Instead of addressing the toxicity, some of the people responsible for it turned it back onto me personally, or on to AMR. It’s a common misdirection tactic to change the subject and evade any discussion to fix the issue.
For example, here is an expert rank person who argued that I can’t take a joke, and the racist slurs used are fine if they are jokes. He follows that up with this:
Meanwhile, this same person continuously says racist things in several different channels. Here’s an example from Tankchat, a very toxic Discord channel, which he participates in. He is labeled as ‘misdirector’ in the screenshot below.
Instead of addressing the problem of constant racist and homophobic remarks, and the impact on the community, there is a group of people who participate in this that shrug it off as joking. Then they turn around and try to paint anyone calling them out for this behavior as the ‘bad guy.’
Gaming companies are addressing toxicity
This behavior spreads and if it spreads enough it becomes normal. But a lot of people are addressing it, from other Discord moderators to giant gaming companies. As a recent example, an official Overwatch player used a homophobic slur after a match. Blizzard suspended him and fined him $2,000. These players are also big streamers and the director of Twitch.tv (djWHEAT) acknowledged this problem as well.
This has been a hot topic for quite a while now. Since writing this article, here are a few interesting things I’ve come across:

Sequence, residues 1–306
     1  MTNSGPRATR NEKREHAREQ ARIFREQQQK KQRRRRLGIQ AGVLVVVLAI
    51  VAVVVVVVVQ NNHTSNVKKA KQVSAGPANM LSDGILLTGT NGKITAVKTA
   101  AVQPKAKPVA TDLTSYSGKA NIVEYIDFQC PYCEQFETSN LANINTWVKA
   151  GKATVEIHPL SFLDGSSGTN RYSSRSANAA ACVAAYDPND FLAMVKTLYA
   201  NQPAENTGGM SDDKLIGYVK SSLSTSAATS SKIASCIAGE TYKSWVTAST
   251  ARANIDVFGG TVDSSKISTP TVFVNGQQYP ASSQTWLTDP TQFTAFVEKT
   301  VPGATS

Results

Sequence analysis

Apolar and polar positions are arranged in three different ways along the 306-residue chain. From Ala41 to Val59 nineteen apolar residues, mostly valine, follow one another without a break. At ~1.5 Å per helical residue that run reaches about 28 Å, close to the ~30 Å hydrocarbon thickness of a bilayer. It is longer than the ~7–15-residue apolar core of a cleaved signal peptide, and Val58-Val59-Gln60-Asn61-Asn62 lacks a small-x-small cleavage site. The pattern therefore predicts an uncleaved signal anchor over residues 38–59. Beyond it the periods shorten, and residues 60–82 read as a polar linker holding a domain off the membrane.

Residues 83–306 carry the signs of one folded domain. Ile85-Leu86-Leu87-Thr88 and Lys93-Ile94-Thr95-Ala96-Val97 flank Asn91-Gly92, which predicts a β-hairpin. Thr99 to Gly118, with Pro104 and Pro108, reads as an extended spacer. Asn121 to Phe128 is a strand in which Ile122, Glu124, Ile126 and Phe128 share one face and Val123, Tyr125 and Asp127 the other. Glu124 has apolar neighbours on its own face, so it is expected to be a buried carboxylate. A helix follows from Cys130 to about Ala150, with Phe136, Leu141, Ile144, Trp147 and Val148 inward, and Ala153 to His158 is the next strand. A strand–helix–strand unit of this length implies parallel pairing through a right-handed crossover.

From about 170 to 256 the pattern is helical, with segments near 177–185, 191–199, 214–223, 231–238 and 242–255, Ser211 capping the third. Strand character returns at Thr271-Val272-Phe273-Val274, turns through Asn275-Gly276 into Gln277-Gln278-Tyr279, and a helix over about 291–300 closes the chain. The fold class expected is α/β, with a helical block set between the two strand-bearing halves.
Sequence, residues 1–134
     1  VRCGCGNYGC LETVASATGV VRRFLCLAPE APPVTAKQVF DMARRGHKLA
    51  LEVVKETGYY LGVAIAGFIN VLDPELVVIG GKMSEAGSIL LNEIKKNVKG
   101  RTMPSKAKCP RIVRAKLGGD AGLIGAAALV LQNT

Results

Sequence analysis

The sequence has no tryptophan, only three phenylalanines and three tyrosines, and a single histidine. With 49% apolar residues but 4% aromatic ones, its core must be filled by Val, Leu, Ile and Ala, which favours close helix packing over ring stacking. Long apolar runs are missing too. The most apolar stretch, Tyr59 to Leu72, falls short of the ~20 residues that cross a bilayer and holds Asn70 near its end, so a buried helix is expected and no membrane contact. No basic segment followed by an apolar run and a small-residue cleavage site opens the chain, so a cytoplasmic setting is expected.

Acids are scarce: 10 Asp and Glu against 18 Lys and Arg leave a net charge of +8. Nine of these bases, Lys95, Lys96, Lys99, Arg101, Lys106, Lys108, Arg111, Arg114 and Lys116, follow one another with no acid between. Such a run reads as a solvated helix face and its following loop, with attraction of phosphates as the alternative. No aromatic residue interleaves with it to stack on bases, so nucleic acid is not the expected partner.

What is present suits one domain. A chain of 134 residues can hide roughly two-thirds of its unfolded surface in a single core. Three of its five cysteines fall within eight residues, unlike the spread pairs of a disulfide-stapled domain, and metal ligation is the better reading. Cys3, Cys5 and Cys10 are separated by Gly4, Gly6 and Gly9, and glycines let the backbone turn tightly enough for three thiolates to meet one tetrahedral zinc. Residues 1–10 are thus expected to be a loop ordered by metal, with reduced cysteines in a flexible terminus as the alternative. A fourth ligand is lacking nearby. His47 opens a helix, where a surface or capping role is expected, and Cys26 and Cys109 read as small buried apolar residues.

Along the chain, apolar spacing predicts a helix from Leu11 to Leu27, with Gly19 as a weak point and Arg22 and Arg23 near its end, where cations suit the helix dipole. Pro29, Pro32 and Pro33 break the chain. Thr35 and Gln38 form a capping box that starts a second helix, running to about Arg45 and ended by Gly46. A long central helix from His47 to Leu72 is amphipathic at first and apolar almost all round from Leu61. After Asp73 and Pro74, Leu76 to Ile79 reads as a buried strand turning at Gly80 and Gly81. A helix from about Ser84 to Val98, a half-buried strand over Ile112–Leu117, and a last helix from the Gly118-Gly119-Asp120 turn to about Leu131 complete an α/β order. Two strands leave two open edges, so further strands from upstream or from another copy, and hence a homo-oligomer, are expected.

- Jan 20, 2018: Dallas Fuel Team player for Overwatch was fined and benched for homophobic slurs.
- Feb 8, 2018: Twitch decided to take an even stronger stance against this problem. For a while now, Twitch has been pretty proactive in making sure Twitch streamers are following the community guidelines. However, they found that in order to not get banned on Twitch, they’d take the harassment to other social media. That lead to Twitch’s latest policy: if a streamer is harassing other people across other platforms (like Twitter), that is cause for punishment on the Twitch platform.
- March 9, 2018: Dallas Fuel Team player for Overwatch fined again, for racist slurs.
- March 21, 2018: A full day toxicity summit was held at the GDC (Game Developer Conference). The Fair Play Alliance is launching as a cooperative effort among 30 different gaming companies to address this problem.
- March 24: Overwatch releases “Avoid as Teammate” feature to PTR, which lets you block people from the matchmaking system for toxicity.
- April 17: Heroes of the Storm is turning to a tech solution that helps them ‘silence’ consistently abusive players.
So what do we do?
This comment on Reddit (which addresses this article), brings up an interesting question.
What do we do with the knowledgeable player who contributes to these Discords, but does so in a toxic way?
I’m willing to bet that a toxic person will continue to contribute, even if moderated. It only gets out of control if we let them, or if they happen to be the moderators and admins.
I believe that as a community, we can solve this problem without preventing anyone from contributing.
Want to try out one of the class Discords?
Like I’ve said, not all of them are toxic (most aren’t). Some of them have really great moderation and really good discussions. Each channel within the class Discords have their own moderation team, and team of experts.